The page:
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Budget Bluetooth: Six wireless headphones for a song

J. Andrew Yang | Feb. 3, 2014
We've all heard of Moore's Law, which posits that the number of transistors on a typical integrated circuit doubles every two years. But one of the overlooked side effects of such technological progress is the proliferation of cheap chips. For example, the price of Bluetooth ASICs, used in everything from audio devices to smart watches to fitness monitors, has dropped dramatically over the past few years. As a result, a growing number of small vendors are bringing stereo-Bluetooth headsets to market at prices that would have been unheard of just five years ago. I took a look at six budget-priced Bluetooth headphones to see if there are (finally) affordable options worth considering.

Another unique feature of the 10245 is a MicroSD card slot located on the right earpiece that supports direct playback of audio files hosted on a memory card. This feature explains the confusing second set of control buttons along the edge of the right earpiece. This card slot isn't a feature I would use, but it could be useful for people who don't own a portable audio device — or who don't want to bring their phone or tablet to, say, the gym or when relaxing in bed.

The larger size of the 10245 also allowed for a larger battery, giving the 10245 longer playback time, roughly 20 hours, than that of the other headphones here.

My chief complaints with the 10245 were its balky controls and poor microphone performance. As I mentioned above, I've come to expect mediocre microphones on Bluetooth headphones. As with most of the headphones here, voice quality on calls was acceptable. The built-in track-control and volume buttons worked fine in my testing. However, the multi-function center button was quite frustrating to use. I never had a problem with the button recognizing a finger press, but which function that press would activate was often a guessing game: I would sometimes initiate redials when trying to power down, or playback would resume playing as I was powering down, or nothing would happen at all. (I'm guessing this is a software issue that might get worked out in a future revision.)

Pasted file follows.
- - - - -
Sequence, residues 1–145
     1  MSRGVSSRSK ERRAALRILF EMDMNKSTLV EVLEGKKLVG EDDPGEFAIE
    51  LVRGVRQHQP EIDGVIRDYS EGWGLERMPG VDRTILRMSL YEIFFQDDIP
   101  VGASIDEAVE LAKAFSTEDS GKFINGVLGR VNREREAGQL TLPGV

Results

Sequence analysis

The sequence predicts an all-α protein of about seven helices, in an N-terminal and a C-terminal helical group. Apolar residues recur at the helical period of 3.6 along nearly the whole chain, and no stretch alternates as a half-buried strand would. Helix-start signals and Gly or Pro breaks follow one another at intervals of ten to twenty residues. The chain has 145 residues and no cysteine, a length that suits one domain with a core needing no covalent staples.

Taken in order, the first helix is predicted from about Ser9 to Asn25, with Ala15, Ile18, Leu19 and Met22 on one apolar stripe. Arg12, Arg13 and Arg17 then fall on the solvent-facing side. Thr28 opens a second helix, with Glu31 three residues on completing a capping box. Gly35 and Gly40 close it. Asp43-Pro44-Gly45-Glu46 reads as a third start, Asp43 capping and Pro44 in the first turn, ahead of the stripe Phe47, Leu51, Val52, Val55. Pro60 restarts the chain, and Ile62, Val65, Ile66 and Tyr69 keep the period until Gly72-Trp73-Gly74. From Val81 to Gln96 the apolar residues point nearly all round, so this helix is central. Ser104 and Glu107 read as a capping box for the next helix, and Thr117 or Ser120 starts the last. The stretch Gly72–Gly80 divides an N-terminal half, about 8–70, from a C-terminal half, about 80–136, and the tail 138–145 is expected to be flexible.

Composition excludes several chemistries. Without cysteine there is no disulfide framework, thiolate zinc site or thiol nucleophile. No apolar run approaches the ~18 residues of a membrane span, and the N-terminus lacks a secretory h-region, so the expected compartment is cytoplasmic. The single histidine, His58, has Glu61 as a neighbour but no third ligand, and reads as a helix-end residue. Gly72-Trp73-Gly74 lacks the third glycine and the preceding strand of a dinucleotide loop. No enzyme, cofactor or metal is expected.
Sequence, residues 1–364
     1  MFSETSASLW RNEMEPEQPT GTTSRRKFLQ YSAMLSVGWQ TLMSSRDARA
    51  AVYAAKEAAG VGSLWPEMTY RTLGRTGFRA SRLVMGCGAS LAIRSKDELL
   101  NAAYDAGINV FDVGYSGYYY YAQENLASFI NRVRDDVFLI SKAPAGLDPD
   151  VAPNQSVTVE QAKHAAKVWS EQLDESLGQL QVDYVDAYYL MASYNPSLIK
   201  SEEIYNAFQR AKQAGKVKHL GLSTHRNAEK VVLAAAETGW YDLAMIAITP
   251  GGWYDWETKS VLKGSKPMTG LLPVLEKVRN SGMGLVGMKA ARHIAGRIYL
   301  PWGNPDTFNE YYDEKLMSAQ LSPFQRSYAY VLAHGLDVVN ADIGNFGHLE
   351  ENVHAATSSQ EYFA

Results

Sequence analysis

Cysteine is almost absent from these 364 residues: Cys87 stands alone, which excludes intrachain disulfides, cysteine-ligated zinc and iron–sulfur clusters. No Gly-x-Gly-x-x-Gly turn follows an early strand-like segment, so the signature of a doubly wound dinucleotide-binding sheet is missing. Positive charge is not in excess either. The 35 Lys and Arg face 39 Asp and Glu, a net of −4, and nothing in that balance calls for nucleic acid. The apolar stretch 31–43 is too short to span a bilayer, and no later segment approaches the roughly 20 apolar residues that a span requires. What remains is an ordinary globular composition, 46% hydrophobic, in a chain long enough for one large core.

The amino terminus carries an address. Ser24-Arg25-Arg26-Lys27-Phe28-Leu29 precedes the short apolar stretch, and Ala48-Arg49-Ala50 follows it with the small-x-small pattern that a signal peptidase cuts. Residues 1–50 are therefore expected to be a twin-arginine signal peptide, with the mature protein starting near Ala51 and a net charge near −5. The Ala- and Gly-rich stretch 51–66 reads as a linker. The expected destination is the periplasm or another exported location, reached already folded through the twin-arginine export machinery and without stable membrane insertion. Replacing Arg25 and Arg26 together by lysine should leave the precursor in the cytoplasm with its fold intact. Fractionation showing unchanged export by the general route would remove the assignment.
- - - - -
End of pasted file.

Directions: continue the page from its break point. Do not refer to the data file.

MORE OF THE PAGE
Ultimately, my experience using the 10245 was as mixed as the phrase "Monoprice Premium" sounds. Certain aspects of the 10245 were well executed while other areas were, well, not. What makes the 10245 a solid recommendation here is its solid build quality and its remarkable audio for the price. The 10245 is king of the hill under $100.

Subjekt Pulse Bluetooth Headphones
Subjekt's $100 Subjekt Pulse Bluetooth Headphones aims to provide both style and performance, says the company. The headphone's plastic headphone sports a large Subjekt logo on each side, just above each earpiece. The earpiece extensions are stamped metal and provide about an inch of extension on either side. In the past, I have been skeptical as to the value of folding headphones. Not headphones that fold into a small bundle, but those that fold into a less large bundle. Using the Pulse, which doesn't feature any folding for compactness during travel, I missed the small reduction in footprint even a single hinge in the headband can afford.

(My review sample of the Pulse had a matte-black headband with glossy black lettering. Subjekt has since revised the Pulse to use a glossy black headband with white logos, but the two versions are otherwise identical.)


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